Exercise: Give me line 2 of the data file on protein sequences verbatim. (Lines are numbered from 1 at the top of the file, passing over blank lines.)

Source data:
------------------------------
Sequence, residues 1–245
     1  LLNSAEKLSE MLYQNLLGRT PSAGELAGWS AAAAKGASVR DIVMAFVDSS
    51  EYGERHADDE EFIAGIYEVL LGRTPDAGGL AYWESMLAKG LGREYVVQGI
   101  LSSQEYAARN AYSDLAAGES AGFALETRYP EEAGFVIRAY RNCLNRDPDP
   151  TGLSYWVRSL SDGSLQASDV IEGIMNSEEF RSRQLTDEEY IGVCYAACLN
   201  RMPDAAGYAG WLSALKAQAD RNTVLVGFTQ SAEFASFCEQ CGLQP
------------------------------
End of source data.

     1  LLNSAEKLSE MLYQNLLGRT PSAGELAGWS AAAAKGASVR DIVMAFVDSS